10/02/09 — Courage, honored

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Courage, honored

By Kenneth Fine
Published in News on October 2, 2009 1:46 PM

News-Argus Video Report

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Beverly Carroll shares a dance with Walt Davis, who made the trip from Greenville to attend the Blue Ribbon Jam Thursday evening. The Goldsboro Police Department estimated more than 1,000 people showed up at the event to honor two 4th Fighter Wing officers who died July 18 when their F-15E Strike Eagle crashed in Afghanistan.

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Lt. Col. Neil Allen, 336th Fighter Squadron commander, speaks to the crowd at the Blue Ribbon Jam.

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Goldsboro Mayor Al King, left, presents a $5,000 check to Hal Tanner III, Goldsboro News-Argus general manager, during the Blue Ribbon Jam Thursday.

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Madeline Edwards, 14, evoked tears from many in the crowd when she sang the national anthem. Some called it the best live performance of the song they had ever heard.

An outpouring of love.

That is how 4th Fighter Wing Commander Col. Mark Kelly described the aftermath of the F-15E crash that claimed the lives of two of his airmen in Afghanistan July 18.

"So proud" -- how Goldsboro Mayor Al King said he felt to witness the military town he calls home rally behind the Air Force Base it houses.

Grateful -- what the service of the men and women currently stationed at Seymour Johnson Air Force Base makes Natalie Winstead, and why she stopped a young man wearing a 336th Fighter Squadron T-shirt as he walked down Center Street Thursday evening toward the Blue Ribbon Jam.

"Excuse me young man," she said, as he paused and turned to face her. "I just wanted to say, 'Thank you' for what you did."

Members of the Goldsboro Police Department estimated that more than 1,000 people turned out Thursday to honor the service of 336th Capts. Mark McDowell and Thomas Gramith.

And by the end of the event, the fund established to support the families they left behind had surpassed $26,000.

More than $17,000 of that total came in before the Blue Ribbon Jam.

"As we looked for a way to express our sympathy to the families of these airmen and to, in some small way, help carry the burden to provide community-wide support ... our staff created the Blue Ribbon Fund," said Hal Tanner III, general manager of The Goldsboro News-Argus. "The readers of the News-Argus responded in overwhelming fashion. ... And, while financial support to these families cannot assuage the loss of their loved ones, the message is clear: We care about the men and women that serve this country and protect the freedoms that have been earned through the hardships, sacrifices and goodness of and within our airmen."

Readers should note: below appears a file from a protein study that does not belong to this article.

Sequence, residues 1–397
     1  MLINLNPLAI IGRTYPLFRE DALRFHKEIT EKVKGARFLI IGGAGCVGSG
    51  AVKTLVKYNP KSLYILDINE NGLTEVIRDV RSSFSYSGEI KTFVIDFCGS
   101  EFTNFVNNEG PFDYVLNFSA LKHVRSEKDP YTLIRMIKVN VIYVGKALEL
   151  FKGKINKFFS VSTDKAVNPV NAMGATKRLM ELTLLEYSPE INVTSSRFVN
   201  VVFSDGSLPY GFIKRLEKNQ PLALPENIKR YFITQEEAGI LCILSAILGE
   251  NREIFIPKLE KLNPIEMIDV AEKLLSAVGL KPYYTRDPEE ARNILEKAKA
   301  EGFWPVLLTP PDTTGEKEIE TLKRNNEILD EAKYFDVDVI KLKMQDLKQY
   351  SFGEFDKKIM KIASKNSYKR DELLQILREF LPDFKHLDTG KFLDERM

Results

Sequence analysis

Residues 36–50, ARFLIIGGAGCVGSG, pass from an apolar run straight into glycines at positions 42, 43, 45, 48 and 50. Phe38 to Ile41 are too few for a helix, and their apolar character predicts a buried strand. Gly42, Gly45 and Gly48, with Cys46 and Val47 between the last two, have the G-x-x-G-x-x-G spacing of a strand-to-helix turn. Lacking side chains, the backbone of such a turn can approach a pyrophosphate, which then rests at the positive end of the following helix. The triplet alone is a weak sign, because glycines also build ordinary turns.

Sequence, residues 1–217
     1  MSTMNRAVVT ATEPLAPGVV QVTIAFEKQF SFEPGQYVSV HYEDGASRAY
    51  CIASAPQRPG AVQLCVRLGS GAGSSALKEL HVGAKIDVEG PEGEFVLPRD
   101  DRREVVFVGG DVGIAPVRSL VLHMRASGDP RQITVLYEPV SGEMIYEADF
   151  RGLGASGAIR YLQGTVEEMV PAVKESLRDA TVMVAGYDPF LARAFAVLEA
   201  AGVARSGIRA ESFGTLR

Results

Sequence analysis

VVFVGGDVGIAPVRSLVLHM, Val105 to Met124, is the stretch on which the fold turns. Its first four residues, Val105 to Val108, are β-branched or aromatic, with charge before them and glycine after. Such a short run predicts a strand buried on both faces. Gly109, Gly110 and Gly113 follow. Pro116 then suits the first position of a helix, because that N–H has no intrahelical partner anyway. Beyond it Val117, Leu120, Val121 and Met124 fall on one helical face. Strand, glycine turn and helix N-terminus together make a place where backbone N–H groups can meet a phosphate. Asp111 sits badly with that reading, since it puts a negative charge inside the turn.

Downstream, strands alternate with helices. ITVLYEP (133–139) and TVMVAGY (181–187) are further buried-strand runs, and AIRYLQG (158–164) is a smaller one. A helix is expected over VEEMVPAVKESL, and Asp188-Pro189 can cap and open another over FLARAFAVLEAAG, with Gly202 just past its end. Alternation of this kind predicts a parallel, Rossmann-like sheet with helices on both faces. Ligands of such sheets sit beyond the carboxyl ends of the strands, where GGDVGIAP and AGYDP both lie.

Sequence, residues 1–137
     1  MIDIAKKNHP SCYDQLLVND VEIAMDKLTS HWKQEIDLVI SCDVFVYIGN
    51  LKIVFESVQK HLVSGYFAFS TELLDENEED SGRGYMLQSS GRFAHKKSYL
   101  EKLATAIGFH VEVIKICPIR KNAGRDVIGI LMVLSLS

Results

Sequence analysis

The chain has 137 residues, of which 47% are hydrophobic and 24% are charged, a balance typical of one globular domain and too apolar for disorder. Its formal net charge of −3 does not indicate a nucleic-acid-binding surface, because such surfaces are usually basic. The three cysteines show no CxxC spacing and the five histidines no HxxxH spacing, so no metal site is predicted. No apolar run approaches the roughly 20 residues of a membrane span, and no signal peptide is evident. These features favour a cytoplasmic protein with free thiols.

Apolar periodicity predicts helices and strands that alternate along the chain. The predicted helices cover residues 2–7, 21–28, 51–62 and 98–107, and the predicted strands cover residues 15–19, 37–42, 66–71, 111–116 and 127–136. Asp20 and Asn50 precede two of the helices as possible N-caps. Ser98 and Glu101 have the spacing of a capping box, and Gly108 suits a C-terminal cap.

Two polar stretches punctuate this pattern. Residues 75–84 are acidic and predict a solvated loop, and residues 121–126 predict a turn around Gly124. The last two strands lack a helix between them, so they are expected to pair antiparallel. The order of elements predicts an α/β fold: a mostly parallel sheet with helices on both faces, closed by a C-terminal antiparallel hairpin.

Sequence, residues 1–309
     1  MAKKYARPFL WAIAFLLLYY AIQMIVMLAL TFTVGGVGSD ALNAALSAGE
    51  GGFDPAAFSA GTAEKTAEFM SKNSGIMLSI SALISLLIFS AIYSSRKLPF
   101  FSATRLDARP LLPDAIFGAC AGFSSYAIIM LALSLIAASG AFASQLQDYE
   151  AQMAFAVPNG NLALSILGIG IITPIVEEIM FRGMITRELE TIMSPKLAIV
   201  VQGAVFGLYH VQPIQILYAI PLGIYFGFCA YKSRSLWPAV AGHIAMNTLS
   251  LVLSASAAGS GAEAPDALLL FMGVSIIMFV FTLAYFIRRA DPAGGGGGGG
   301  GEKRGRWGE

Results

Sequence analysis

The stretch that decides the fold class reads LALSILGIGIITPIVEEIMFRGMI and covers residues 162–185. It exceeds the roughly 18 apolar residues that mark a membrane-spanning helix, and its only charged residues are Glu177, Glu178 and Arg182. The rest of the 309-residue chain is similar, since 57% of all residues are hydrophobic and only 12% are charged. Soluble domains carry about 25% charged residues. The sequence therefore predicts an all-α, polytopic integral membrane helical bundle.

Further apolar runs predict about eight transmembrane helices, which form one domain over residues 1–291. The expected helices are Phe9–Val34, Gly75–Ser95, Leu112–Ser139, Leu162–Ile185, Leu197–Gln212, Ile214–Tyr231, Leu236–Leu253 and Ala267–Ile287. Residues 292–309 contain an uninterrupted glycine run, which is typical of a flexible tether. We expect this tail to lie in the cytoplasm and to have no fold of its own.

Jerry Thomas made the drive from Mount Olive to show his support -- to donate $50 to the cause.

For the Vietnam veteran, it was simply "duty."

"No one honored the men who died alongside me like this," he said. "So this is real special. It makes you proud to see how far this country has come since my day."

Mary Chambers agreed.

"We back our troops around here," she said. "Goldsboro always has."

Her sister, Evelyn, smiled and nodded her head.

"That's just the way it is. These people in uniform have always had our backs and we'll always have theirs," she said. "I don't care what other people say. They fight for us and so we'll fight for them."

336th Commander Lt. Col. Neil Allen said his young men and women could feel that support at Bagram Airfield in the days and weeks that followed the crash.

Maybe that is why, despite their grief, they never stopped taking the fight to the enemy.

"That mission goes on and they never flinched and they never skipped a beat," Allen said, looking toward those members of his squadron who turned out for the event. "We all learned the power of community and the power of togetherness."

Kelly said that kind of support does not exist in all military towns -- that when he meets with leadership from other bases that fall under Air Combat Command, he hears stories about lawsuits and noise complaints.

"But I don't have those problems. The only problem I have is that I cannot match the love that comes toward my base," he said. "It's not something we can repay. It's not something we are even going to try to repay, because we would fail at every chance."

For a comprehensive look at all those who contributed to the Blue Ribbon Fund and Blue Ribbon Jam, see Sunday's News Argus.